Type-2 diabetes has been described to be associated with a reduced health related quality of life [3, 4]. Using the EQ-5D questionnaire we found that this was mostly related to the presence of co-morbidity and episodes of hypoglycaemia but not to average glycaemic control. With a median score of 0.9 diabetic patients scored high on the EQ-5D in general while there were only few patients with substantially lowered scores (<0.5). On the other hand changes as little as 0.05 have been reported as the minimal important difference for the EQ-5D , illustrating that there are clinically relevant differences in HRQoL between those in the lowest and highest tertile of the EQ-5D range seen in DiaRegis.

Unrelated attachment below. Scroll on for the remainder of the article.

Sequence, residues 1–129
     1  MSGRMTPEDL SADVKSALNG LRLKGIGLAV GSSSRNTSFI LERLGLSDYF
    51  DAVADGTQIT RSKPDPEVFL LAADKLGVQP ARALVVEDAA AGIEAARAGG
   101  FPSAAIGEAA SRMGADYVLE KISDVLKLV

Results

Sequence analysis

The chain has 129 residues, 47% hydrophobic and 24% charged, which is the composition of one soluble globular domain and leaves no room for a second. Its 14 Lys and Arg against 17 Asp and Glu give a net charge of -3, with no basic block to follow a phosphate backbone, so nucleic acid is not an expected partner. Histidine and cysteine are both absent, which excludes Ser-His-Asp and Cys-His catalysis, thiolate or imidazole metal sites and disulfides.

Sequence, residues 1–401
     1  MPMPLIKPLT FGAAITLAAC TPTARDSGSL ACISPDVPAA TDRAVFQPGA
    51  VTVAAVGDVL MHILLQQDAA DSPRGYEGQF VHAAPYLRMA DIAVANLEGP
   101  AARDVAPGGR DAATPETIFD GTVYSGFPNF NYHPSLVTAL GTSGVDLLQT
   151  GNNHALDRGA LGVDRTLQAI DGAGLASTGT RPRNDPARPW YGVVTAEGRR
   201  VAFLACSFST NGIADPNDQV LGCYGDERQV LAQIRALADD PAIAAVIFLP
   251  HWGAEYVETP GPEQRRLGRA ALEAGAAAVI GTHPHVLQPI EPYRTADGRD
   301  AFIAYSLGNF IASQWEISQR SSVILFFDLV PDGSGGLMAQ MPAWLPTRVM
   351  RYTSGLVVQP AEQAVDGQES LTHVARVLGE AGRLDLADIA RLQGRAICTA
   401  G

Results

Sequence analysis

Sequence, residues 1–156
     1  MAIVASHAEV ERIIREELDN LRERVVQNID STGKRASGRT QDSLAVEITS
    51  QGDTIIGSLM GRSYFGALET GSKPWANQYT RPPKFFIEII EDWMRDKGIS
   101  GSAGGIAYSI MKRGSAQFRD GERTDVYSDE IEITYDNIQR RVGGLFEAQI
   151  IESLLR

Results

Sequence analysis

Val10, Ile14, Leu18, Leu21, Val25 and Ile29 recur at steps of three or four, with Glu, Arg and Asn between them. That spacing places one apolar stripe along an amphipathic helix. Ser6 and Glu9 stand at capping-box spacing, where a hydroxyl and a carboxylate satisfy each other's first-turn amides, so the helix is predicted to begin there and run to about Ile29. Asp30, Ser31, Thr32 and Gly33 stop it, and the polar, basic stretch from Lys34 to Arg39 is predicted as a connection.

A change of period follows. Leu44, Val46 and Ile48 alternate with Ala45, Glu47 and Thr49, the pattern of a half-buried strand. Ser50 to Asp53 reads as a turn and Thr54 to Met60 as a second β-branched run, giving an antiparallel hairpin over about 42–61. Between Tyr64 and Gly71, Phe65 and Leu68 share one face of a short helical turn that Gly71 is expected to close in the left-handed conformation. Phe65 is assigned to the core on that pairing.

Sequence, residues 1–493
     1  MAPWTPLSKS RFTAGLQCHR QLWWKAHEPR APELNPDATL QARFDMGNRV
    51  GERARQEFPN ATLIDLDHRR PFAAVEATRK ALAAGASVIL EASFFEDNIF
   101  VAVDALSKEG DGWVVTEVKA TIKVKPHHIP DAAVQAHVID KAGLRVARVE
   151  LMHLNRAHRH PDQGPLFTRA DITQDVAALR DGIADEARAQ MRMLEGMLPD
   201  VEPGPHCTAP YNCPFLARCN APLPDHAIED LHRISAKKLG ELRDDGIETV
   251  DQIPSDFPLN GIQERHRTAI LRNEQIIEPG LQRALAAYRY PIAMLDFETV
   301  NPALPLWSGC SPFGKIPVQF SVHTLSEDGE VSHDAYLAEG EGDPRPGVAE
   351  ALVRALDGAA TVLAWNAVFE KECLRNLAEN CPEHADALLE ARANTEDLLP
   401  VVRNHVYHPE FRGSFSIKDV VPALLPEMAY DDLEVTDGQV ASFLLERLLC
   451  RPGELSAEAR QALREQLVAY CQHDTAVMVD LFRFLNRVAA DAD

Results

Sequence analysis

We found no association between glycaemic control (defined as HbA1c, fasting- or postprandial glucose levels) and changes in the EQ-5D scoring, which remained robust even in multivariable analyses. While the findings are in agreement with a number of other analyses [4, 23, 24], they are in contrast to data reported by Testa et al., who found that improved glycaemic control was associated with substantial improvements in QoL . Quality-of-life treatment differences (SD units) for symptom distress (+0.59; p < 0.001), general perceived health (+0.36; p = 0.004), cognitive functioning (+0.34; p = 0.005), and the overall visual analog scale (VAS) (+0.24; p = 0.04) were significantly more favorable for active therapy. In that study patients with established type-2 diabetes were washed out from prior antidiabetic pharmacotherapy for 3 weeks and then randomized to glipizide GITS or placebo for 12 weeks. HbA1c increased to 9.3% and fasting blood glucose to 168 mg/dl in the placebo group while it was reduced to 7.5% and 126 mg/dl in the glipizide group. In another analysis by Klein et al. diabetic patients after 14 years of follow-up were subjected to the Short Form 36 (SF-36), which demonstrated an improved quality of life with low HbA1c values , this was however not multivariable adjusted.